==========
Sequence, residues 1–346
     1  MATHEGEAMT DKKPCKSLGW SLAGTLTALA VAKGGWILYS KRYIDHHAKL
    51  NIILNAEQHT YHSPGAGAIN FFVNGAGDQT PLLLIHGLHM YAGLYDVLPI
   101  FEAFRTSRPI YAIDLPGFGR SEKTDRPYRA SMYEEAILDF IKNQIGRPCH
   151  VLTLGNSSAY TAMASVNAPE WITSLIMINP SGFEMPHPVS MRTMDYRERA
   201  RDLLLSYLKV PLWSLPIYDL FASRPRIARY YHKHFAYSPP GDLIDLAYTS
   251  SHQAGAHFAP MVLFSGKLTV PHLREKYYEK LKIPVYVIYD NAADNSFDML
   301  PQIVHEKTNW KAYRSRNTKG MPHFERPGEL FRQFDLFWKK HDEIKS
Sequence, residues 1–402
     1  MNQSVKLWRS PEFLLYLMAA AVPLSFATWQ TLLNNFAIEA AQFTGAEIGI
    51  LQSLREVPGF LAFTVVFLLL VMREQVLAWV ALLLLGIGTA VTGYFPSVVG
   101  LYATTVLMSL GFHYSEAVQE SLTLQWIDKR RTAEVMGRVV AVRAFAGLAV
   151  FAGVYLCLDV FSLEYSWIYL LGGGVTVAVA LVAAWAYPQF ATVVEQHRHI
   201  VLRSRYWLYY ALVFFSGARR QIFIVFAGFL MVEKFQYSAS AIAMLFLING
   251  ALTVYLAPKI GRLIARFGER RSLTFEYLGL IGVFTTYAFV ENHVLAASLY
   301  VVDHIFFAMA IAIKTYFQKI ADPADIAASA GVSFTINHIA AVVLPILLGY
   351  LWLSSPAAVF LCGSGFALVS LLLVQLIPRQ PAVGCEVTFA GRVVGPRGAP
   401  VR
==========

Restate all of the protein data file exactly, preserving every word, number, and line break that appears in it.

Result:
Sequence, residues 1–346
     1  MATHEGEAMT DKKPCKSLGW SLAGTLTALA VAKGGWILYS KRYIDHHAKL
    51  NIILNAEQHT YHSPGAGAIN FFVNGAGDQT PLLLIHGLHM YAGLYDVLPI
   101  FEAFRTSRPI YAIDLPGFGR SEKTDRPYRA SMYEEAILDF IKNQIGRPCH
   151  VLTLGNSSAY TAMASVNAPE WITSLIMINP SGFEMPHPVS MRTMDYRERA
   201  RDLLLSYLKV PLWSLPIYDL FASRPRIARY YHKHFAYSPP GDLIDLAYTS
   251  SHQAGAHFAP MVLFSGKLTV PHLREKYYEK LKIPVYVIYD NAADNSFDML
   301  PQIVHEKTNW KAYRSRNTKG MPHFERPGEL FRQFDLFWKK HDEIKS
Sequence, residues 1–402
     1  MNQSVKLWRS PEFLLYLMAA AVPLSFATWQ TLLNNFAIEA AQFTGAEIGI
    51  LQSLREVPGF LAFTVVFLLL VMREQVLAWV ALLLLGIGTA VTGYFPSVVG
   101  LYATTVLMSL GFHYSEAVQE SLTLQWIDKR RTAEVMGRVV AVRAFAGLAV
   151  FAGVYLCLDV FSLEYSWIYL LGGGVTVAVA LVAAWAYPQF ATVVEQHRHI
   201  VLRSRYWLYY ALVFFSGARR QIFIVFAGFL MVEKFQYSAS AIAMLFLING
   251  ALTVYLAPKI GRLIARFGER RSLTFEYLGL IGVFTTYAFV ENHVLAASLY
   301  VVDHIFFAMA IAIKTYFQKI ADPADIAASA GVSFTINHIA AVVLPILLGY
   351  LWLSSPAAVF LCGSGFALVS LLLVQLIPRQ PAVGCEVTFA GRVVGPRGAP
   401  VR